By Esther Fultz
Economies are volatile, especially when international conflict is involved. A country’s economic condition depends heavily on its political environment, which is influenced by various factors and can change overnight. One country of particular economic interest recently is Russia, which invaded Ukraine last February and has faced economic sanctions from countries in the west since.
Economically, Russia is heavily reliant on the energy sector, as a leader in both oil and natural gas exports.
“Russia’s economy is almost a test case of putting too many eggs in one basket and not diversifying well enough,” said Dr. Duerr. “It gets hit hard when the price of energy increases and benefits greatly when the price of energy decreases.”
Russia’s economy has experienced downfall since the sanctions were established, but not to the extent one might expect. While many countries in the west have put sanctions in place, India, China and other countries in Southeast Asia have not. However, countries from the east are not able to pay the same amount for resources as countries in the west, and Russia’s economy is expected to contract from anywhere around 5% to 15% this year.
Russia’s recent draft will also negatively impact its economic condition.
“The recent call-ups will have demonstrable economic effects because people who should be working will not be,” said Dr. Wheeler, Professor of Economics at Cedarville University. “There are some particular industries in Russia that no doubt benefit, such as arms and ammunition manufacturers, but the net effect will be negative. War never helps.”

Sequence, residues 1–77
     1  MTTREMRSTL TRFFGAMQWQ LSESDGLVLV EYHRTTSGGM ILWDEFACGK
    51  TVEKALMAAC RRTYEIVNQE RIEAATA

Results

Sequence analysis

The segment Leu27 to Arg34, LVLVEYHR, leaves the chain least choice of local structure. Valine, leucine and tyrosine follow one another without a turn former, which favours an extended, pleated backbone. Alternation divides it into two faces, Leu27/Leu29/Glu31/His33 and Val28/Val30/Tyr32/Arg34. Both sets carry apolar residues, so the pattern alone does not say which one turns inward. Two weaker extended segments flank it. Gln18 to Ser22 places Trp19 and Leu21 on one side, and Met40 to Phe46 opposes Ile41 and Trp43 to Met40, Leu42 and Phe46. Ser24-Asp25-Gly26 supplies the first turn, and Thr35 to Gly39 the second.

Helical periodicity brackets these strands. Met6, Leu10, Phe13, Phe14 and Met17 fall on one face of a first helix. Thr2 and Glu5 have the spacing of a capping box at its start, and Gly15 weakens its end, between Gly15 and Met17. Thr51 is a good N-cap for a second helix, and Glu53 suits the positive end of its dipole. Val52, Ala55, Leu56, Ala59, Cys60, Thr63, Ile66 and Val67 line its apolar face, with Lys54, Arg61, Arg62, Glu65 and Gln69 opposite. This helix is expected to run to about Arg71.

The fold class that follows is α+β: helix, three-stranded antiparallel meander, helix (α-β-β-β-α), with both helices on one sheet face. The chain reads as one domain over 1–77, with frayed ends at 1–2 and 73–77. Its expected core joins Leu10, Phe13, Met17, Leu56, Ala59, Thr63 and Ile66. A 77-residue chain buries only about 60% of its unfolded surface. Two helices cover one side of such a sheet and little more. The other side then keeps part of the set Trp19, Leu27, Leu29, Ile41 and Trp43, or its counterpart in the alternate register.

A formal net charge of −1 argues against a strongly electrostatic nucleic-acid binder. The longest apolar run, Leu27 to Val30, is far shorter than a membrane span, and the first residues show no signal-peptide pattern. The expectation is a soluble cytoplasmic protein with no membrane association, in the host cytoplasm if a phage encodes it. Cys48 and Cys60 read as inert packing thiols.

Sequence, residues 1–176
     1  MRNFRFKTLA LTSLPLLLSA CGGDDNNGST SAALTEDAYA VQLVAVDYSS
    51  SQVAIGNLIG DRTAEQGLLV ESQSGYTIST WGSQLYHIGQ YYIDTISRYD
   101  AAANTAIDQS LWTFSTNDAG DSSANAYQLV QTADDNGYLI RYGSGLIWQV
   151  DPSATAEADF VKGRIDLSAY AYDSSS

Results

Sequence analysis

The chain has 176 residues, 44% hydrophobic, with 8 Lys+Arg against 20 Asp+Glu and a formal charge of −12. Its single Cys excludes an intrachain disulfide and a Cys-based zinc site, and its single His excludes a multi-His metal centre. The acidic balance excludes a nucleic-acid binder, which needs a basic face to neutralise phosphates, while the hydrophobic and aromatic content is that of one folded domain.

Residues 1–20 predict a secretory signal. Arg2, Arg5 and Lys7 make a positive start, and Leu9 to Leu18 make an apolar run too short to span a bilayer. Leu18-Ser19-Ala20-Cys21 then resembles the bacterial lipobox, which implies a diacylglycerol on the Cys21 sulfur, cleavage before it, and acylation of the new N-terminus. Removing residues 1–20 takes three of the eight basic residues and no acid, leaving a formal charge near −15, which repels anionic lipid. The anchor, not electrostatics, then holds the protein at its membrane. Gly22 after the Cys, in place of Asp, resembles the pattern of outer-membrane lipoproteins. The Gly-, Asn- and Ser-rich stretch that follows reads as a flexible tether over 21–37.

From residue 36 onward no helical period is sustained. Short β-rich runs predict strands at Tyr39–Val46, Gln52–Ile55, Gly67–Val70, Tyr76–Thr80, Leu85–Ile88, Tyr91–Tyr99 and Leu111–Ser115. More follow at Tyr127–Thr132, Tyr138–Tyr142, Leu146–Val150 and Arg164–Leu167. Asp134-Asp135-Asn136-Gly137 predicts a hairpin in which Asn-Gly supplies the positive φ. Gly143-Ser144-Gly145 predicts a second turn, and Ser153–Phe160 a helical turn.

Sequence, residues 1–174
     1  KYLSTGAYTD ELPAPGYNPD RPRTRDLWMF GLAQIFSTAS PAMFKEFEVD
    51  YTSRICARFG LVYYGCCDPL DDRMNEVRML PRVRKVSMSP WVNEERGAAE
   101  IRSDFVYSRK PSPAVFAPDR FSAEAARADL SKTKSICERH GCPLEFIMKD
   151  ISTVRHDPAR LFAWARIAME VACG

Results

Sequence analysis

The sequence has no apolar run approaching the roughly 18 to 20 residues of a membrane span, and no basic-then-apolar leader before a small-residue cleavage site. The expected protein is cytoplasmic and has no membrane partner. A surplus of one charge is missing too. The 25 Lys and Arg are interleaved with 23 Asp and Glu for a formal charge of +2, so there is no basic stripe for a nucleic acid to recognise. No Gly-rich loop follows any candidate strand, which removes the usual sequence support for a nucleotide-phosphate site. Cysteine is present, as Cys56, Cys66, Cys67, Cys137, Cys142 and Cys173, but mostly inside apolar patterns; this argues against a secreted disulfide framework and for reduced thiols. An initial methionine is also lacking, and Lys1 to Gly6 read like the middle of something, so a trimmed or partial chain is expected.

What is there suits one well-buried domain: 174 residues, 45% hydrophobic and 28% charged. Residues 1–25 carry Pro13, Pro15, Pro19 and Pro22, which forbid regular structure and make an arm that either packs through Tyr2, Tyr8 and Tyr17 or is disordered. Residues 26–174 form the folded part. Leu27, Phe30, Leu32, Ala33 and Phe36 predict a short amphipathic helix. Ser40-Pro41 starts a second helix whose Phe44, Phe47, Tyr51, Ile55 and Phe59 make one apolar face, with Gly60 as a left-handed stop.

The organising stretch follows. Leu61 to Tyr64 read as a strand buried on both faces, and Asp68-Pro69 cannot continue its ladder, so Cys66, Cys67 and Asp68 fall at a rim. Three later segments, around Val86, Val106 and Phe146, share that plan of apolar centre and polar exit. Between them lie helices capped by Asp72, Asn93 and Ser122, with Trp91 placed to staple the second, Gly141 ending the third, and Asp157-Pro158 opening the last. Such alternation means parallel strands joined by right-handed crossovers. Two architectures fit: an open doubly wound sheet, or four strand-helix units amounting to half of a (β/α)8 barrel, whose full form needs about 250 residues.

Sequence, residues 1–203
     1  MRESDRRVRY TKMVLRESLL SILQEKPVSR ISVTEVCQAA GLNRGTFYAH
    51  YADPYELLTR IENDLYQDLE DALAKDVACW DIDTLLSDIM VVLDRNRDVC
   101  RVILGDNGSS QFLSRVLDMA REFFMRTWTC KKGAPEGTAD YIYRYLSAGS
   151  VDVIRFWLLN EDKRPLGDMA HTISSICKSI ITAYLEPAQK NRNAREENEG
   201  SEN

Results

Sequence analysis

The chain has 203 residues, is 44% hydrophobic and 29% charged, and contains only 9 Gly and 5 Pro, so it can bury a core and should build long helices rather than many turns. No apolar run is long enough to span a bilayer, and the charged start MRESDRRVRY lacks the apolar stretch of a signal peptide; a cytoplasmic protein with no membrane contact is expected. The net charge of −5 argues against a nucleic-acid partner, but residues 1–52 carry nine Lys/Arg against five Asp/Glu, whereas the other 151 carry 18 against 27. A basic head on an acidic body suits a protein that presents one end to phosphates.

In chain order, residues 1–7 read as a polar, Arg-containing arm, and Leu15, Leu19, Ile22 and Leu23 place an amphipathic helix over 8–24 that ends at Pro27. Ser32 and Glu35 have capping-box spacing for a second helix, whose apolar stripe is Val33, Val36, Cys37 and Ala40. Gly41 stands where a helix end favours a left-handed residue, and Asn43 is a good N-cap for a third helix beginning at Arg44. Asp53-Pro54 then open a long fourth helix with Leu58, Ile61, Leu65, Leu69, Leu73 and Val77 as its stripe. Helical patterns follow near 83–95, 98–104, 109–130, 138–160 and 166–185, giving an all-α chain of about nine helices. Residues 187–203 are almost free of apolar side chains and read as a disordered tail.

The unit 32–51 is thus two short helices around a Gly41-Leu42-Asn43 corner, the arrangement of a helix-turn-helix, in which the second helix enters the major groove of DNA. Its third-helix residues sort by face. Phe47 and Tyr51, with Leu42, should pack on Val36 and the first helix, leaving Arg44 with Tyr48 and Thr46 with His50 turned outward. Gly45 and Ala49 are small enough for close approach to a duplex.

One factor that may improve Russia’s economic condition is some areas of Ukraine switching their currency to rubles. However, this comes at a great cost to Ukraine as well as countries across the world that benefit from Ukraine’s grain production. The ruble has been introduced in four regions of Ukraine, and Russia has also taken control of the major sources of industry in Ukraine. This has resulted in increasing grain prices, which hits areas that are already food scarce, such as Africa and parts of Asia, especially hard.
“The Ukrainian economy will probably collapse by about 50%,” said Wheeler. “When you have a war being fought on your soil, your main driving goal becomes winning the war and getting the people you’re fighting against away from you, not economic activity. The basic rule of thumb for recession is real GDP growth declining for two subsequent quarters. Usually a 4-5% drop would be considered a very bad recession, but if you look at the 50% drop in gross domestic product, it’s just catastrophic and really hurts everyone.”
Long-term, neither country is expected to fare well, particularly not Ukraine. However, there may be some positive outcomes for Ukraine in the reconstruction phase, such as more open trading with the United States and other western countries. As for Russia, the exact outcome depends on the outcome of the war with Ukraine. If Russia wins or negotiates peace with Ukraine, the economy will rebound but it will struggle to grow due to the continued sanctions from western countries who are able to buy products at higher rates than India and China. However if Russia loses the war, the economic outcome would be different.
“If their government structure collapses and their economy collapses, it’s going to take years to rebound,” said Duerr. “There will probably be a sharp contraction in the economy, by over 40%.”
Esther Fultz is a junior Social Work major and an Off-Campus and On-Campus writer for Cedars. She enjoys writing songs, spending time outdoors, drinking coffee and hanging with friends.
Photo Credit: Gennady Grachev, CC BY 2.0 <https://creativecommons.org/licenses/by/2.0/deed.en>, via WikimediaCommons
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